await companies.AddAsync(company);

        return new OkObjectResult($"Created company '{company.Name}' with an id of '{company.Id}'");
    }
}

Testing Creating a Company

We can spin up the Azure Function runtime by calling func start, this will build and then run our function locally, once running we will be presented with the endpoints that we can call:

Http Functions:

        HttpPostTrigger: [POST] http://localhost:7071/api/companies

Now using our favorite http client, let’s post some data. We’ll be using PowerShell due to the ease of replicating it by copying and pasting commands, but feel free to use curl, Postman or even REST Client for VS Code.

PS> $company = @{name="Jay2Base";companyNumber="10440441"}
PS> Invoke-RestMethod -Method POST -Uri "http://localhost:7071/api/companies" -Body ($company|ConvertTo-Json)

Created company 'Jay2Base' with an id of '5c72d67fe62d59293c45cebb'

Our function has responded with a string telling us that our company was created with a give ID, so let’s go look inside MongoDB to see what we see.

>mongo.exe
MongoDB shell version v4.0.0
connecting to: mongodb://127.0.0.1:27017
MongoDB server version: 4.0.0

> use test
switched to db test
> db.companies.find().pretty()
{
        "_id" : ObjectId("5c72d67fe62d59293c45cebb"),
        "Name" : "Jay2Base",
        "CompanyNumber" : "10440441"
}

Read a Document

Now we’ve got a way to get companies in to our database, it’d be also great to be able to query for them too!

Once again, we will start with a HttpTrigger template and then alter it for our needs:

> func new --language C# --template HttpTrigger --name HttpGetTrigger

The function "HttpGetTrigger" was created successfully from the "HttpTrigger" template.

We will want to change the HttpTrigger to only trigger on the get verb and also on a route of companies/{id} this way we can pass in the id to our document to fetch. We can even enforce a regex to be applied by the route so that we always get a valid ObjectId passed in to the id route value. To do this we’d apply the regex constraint of ^[a-f\d]24$:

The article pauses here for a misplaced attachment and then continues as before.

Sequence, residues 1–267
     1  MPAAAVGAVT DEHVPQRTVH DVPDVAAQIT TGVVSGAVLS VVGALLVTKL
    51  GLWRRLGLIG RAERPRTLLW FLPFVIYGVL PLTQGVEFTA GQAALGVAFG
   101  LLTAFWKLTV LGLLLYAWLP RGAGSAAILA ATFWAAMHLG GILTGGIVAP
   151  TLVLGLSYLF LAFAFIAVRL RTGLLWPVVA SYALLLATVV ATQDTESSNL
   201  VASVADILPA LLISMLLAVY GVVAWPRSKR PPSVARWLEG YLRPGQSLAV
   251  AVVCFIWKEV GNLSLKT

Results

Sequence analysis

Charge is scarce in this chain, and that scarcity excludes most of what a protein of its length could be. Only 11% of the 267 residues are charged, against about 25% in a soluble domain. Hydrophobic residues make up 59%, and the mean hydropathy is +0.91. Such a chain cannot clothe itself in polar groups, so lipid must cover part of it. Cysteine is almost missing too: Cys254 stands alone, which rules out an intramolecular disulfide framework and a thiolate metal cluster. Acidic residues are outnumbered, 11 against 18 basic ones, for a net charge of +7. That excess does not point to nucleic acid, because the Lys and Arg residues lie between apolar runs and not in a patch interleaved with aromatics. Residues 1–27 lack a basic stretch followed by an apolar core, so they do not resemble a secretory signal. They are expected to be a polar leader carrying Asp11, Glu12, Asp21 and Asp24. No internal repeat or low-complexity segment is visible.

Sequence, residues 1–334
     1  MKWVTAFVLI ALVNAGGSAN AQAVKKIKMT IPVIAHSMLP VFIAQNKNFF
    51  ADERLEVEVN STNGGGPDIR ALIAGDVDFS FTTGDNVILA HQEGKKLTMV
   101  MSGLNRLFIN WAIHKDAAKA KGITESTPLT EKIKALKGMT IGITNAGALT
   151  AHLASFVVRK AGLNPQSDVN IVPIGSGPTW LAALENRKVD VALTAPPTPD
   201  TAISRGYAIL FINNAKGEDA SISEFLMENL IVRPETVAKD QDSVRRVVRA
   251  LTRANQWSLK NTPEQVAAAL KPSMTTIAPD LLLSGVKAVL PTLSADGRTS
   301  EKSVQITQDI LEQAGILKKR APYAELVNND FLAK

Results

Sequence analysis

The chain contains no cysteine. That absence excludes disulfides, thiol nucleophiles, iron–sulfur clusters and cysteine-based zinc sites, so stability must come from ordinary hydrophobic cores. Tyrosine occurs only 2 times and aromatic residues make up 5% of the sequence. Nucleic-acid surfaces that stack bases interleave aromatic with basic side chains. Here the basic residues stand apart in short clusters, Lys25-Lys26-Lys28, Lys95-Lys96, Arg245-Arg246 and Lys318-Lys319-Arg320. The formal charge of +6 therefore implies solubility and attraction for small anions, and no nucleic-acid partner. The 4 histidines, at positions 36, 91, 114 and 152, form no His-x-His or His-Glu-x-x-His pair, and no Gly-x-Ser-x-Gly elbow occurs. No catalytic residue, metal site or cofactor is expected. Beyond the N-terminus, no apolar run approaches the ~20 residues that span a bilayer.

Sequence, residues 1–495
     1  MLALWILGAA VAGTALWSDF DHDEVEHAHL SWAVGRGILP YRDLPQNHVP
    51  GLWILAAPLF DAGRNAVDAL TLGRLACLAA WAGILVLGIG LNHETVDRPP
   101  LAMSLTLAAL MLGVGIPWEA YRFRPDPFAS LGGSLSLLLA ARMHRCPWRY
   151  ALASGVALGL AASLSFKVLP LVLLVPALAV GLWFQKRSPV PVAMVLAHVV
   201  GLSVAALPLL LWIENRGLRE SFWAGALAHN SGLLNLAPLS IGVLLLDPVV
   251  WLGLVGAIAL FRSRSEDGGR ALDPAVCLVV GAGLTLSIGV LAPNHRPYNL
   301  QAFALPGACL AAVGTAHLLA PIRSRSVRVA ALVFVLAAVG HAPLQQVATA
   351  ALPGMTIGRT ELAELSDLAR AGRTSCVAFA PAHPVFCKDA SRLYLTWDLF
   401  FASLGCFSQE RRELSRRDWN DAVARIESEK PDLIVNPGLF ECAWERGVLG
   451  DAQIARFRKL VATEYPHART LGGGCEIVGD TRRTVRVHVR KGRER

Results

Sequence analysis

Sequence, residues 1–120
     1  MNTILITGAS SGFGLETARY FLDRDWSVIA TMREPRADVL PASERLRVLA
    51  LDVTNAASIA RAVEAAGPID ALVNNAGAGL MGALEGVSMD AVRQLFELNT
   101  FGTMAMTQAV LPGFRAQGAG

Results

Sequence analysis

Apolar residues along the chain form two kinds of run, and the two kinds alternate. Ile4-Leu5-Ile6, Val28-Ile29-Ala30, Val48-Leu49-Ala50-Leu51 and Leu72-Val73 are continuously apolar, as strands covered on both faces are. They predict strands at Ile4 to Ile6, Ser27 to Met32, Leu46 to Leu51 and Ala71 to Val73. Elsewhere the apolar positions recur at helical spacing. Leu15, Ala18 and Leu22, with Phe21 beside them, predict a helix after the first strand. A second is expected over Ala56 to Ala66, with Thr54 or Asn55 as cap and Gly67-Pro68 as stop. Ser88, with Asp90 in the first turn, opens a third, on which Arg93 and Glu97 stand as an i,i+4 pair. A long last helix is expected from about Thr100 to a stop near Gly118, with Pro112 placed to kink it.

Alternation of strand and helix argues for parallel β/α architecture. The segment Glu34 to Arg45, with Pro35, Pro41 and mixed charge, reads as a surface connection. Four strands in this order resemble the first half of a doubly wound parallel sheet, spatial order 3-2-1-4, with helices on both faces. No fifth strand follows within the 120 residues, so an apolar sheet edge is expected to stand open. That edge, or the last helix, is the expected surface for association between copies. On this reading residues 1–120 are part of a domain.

After these changes our HttpTrigger should look similar to:

[HttpTrigger(AuthorizationLevel.Function, "get", Route = @"companies/{id:regex(^[a-f\d]24$)}")] HttpRequest req,

Like before we will be applying a MongoDB binding on to the function but this time we will specify an extra argument to the constructor to be used for the ID and we’ll bind directly to a Company object.

[MongoDb("test", "companies", "{id}", ReadOnly = true, ConnectionStringSetting = "MongoDbUrl")] Company company,

You will notice that we have specified an extra property of ReadOnly this tells the binding not to update the document after the function is run, this is useful if don’t want to change any of the properties of company.

Now with them changes in place we will have a function that looks like the following:

[FunctionName("HttpGetTrigger")]
public static async Task<IActionResult> Run(
    [HttpTrigger(AuthorizationLevel.Function, "get", Route = @"companies/{id:regex(^[a-f\d]24$)}")] HttpRequest req,
    [MongoDb("test", "companies", "{id}", ConnectionStringSetting = "MongoDbUrl")] Company company)
{
    return new OkObjectResult(company);
}

Testing Reading a Company

Let’s get the function host started again with func start, and we will see another endpoint exposed.

>func start

Hosting environment: Production
Content root path: .\bin\output
Now listening on: http://0.0.0.0:7071
Application started. Press Ctrl+C to shut down.
Http Functions:

        HttpGetTrigger: [GET] http://localhost:7071/api/companies/{id:regex(^[a-f\d]24$)}

        HttpPostTrigger: [POST] http://localhost:7071/api/companies

Using the id of the previously inserted document let’s call the get endpoint, again below is an example of using PowerShell but feel free to use your own tool of choice.

PS> Invoke-RestMethod -Uri "http://localhost:7071/api/companies/5c72d67fe62d59293c45cebb"

id                       name     companyNumber
--                       ----     -------------
5c72d67fe62d59293c45cebb Jay2Base 10440441

Also, notice if we specify an id that does not match the regex we will be returned a 404 Not Found:

PS> Invoke-RestMethod -Uri "http://localhost:7071/api/companies/not-an-object-id"

Invoke-RestMethod : The remote server returned an error: (404) Not Found.

Simplicity

As you may have notice we’ve not really written much code to create a basic API to get and save documents in MongoDB using Azure Functions. Most of the code is taken care of by the azure function bindings.

It’s also worth noting that you can use parameters from the trigger within the database and collection names too, so a function signature like the following is totally valid.

[FunctionName("HttpGetTrigger")]
public static async Task<IActionResult> Run(
    [HttpTrigger(AuthorizationLevel.Function, "get", Route = @"{database}/{collection}/{id}")] HttpRequest req,
    [MongoDb("{database}", "{collection}", "{id}")] BsonDocument doc)

Kevin Smith

Developer, technology enthusiast and @dotnetsheff organiser.